Day 21 -23 , (Jan 10 – 12)

Code War Challenges

  1. Insert Dash
  2. Vampire Numbers
  3. All, None, Any –   Functional Programming
  4. Triangle sum of odd numbers    *** This is a great question!
  5. Narcissistic Number
  6. Title Case
  7. Build a Calculator – Calculating averages

Two More Closure problems

  1. Closure – twice
  2. Closure – Alternates

As a self-taught novice JavaScript programmer, I found that closures, callbacks, recursions and functional programming can be confusing at times. I wonder if there is any relationship between each of them. Over the past two months, I came across these four terms occasionally at different online learning platforms. I learned closure is extensively used in Node.js while callback is frequently used in jQuery. Recursion and functional programming are two programming techniques one can use creatively when solving coding challenges.

I have not yet read anything in depth on each of the topics above except closures. However, I plan to search for more online articles as well as programming books in order to understand each and their applications in JavaScript programming.

Here I found a good article about the callback (higher-order) functions. It answered the confusion I had of callbacks, closures and functional programming.

Understand JavaScript Callback and use them

According to the article,

  • Callback functions are derived from a programming paradigm known as functional programming. At a fundamental level, functional programming specifies the use of functions as arguments.
  • One of the chief techniques in functional programming happens to be callback functions.
  •  Callbacks are closures. A closure is an inner function that has access to the outer (enclosing) function’s variables—scope chain. Link about closures
  • Callbacks are used for asynchronous execution such as reading files, making HTTP requests. Callbacks are used in Event Listeners/Handlers, setTimeout and setInterval methods.

Over the past few days, I also read four articles on Coding House’s Blog  which improved my understanding of some JavaScript array methods as well as object iteration.

  1. Counting, split(), and Objects

    I learned how to create objects within an object and how to access the inner object’s properties. I also learned how to add keys and values to the object by setting up the following function:

    var superCounter = function(str) {
        var counterObj = {};
        return counterObj;
    } 
    console.log(superCounter("Count me in"))
  2. Swapping Cases, Iterators, and TernariesI learned how to use the forEach iterator and set the iterator up with an index by passing in an “i” as an argument. I also learned an alternative way to replace “if…statement” which is by using ternaries. Below is a good summary of code that I learned from this blog post:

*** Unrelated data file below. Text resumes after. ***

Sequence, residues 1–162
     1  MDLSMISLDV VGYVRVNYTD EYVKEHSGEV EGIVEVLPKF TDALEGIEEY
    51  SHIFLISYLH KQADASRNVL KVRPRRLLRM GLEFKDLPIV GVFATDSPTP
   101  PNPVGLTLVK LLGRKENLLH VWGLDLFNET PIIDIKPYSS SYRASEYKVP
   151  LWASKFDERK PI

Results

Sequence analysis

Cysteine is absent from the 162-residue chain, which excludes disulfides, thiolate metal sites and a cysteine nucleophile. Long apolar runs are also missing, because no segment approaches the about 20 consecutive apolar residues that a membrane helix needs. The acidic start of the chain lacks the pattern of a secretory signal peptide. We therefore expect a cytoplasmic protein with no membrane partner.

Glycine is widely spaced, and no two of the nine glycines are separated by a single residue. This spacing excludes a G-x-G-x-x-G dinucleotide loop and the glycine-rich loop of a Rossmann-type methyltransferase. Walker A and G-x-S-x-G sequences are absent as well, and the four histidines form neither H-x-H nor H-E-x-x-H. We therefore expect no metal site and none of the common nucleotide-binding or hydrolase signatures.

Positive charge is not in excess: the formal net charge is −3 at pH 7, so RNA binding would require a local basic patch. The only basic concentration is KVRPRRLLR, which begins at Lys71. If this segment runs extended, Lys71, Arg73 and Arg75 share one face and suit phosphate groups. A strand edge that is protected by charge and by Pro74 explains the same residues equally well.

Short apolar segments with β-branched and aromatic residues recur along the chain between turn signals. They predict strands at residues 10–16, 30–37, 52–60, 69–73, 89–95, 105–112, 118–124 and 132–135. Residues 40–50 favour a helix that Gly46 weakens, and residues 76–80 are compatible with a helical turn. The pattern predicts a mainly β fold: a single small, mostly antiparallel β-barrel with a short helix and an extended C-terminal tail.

var swapCase = function(str) {  
    var swapArray = str.split(' ');
    swapArray.forEach(function(e, i) {
    var swapped = (e[0] === e[0].toUpperCase()) ? 0: 1;
    swapArray[i] = swapped;
    });
    return swapArray.join(' ');
    };
    console.log(swapCase("ThEre is so MuCH to DO"));

3.  Reverse() and Map()

I learned the difference between array.map() and array.forEach().
Array.map() applies a callback on all elements of an array and returns a NEW array, but forEach() applies a function once for each item in an array and doesn’t return anything.

I also learned that Javascript’s map() method creates a new array by calling a callback function on every element in the provided array. Array.map() on its own does not alter the array on which it is called but the callback function does.


    4.  Function Arguments, Object Iteration, and Some Math

I learned the iterator that work with objects. The for – in loop which allows us to access both the  objects’ keys and values easily. I also learned the JavaScript reserved word ‘arguments‘ which is an object and therefore we cannot use any Array.prototype method such as Array.sort() on ‘arguments’. To convert the ‘arguments’ into an array of numbers, for-in loop becomes very useful.  See the example below from the blog.

var median = function() {  
  var numbers = [];
  for(var key in arguments) {
    numbers.push(arguments[key]);
  }
};
console.log(median(7, 2, 3, 8, 5));  


At the end of the blog, the writer posted a challenge. Solve the problem 
if an even number of arguments is being passed into the function. 
Instead of returning 'undefined', return a correct median. 
// Below is My Solution.

 var median = function() { 
 var numbers = [];
 for(var key in arguments) {
 numbers.push(arguments[key]);
 }
 numbers = numbers.sort(function(a, b) {
 return a - b;
 });
 console.log(numbers)
 
 if((numbers.length%2)===1){
   return numbers[(numbers.length-1)/2];
 }else{
   return (numbers[(numbers.length)/2]+numbers[(numbers.length)/2-1])/2
 }
};
median(7, 2, 3, 8, 5,9); ==> return median '6'
Advertisements

Leave a Reply

Fill in your details below or click an icon to log in:

WordPress.com Logo

You are commenting using your WordPress.com account. Log Out / Change )

Twitter picture

You are commenting using your Twitter account. Log Out / Change )

Facebook photo

You are commenting using your Facebook account. Log Out / Change )

Google+ photo

You are commenting using your Google+ account. Log Out / Change )

Connecting to %s